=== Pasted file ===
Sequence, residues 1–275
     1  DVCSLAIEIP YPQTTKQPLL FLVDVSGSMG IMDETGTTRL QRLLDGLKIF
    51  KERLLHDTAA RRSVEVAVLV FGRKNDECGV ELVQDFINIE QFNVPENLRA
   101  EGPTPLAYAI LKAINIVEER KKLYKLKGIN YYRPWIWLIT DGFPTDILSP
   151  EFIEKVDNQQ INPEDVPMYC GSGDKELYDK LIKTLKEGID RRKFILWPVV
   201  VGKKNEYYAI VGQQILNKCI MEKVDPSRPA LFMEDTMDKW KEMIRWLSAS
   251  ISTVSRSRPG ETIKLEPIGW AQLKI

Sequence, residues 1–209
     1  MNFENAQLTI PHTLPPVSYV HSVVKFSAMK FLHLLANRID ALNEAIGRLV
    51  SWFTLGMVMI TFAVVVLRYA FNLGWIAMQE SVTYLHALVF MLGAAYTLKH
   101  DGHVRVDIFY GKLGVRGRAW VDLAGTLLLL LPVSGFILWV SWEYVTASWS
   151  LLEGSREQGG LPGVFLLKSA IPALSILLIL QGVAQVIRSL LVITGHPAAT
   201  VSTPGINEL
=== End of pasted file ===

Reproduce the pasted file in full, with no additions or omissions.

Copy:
Sequence, residues 1–275
     1  DVCSLAIEIP YPQTTKQPLL FLVDVSGSMG IMDETGTTRL QRLLDGLKIF
    51  KERLLHDTAA RRSVEVAVLV FGRKNDECGV ELVQDFINIE QFNVPENLRA
   101  EGPTPLAYAI LKAINIVEER KKLYKLKGIN YYRPWIWLIT DGFPTDILSP
   151  EFIEKVDNQQ INPEDVPMYC GSGDKELYDK LIKTLKEGID RRKFILWPVV
   201  VGKKNEYYAI VGQQILNKCI MEKVDPSRPA LFMEDTMDKW KEMIRWLSAS
   251  ISTVSRSRPG ETIKLEPIGW AQLKI

Sequence, residues 1–209
     1  MNFENAQLTI PHTLPPVSYV HSVVKFSAMK FLHLLANRID ALNEAIGRLV
    51  SWFTLGMVMI TFAVVVLRYA FNLGWIAMQE SVTYLHALVF MLGAAYTLKH
   101  DGHVRVDIFY GKLGVRGRAW VDLAGTLLLL LPVSGFILWV SWEYVTASWS
   151  LLEGSREQGG LPGVFLLKSA IPALSILLIL QGVAQVIRSL LVITGHPAAT
   201  VSTPGINEL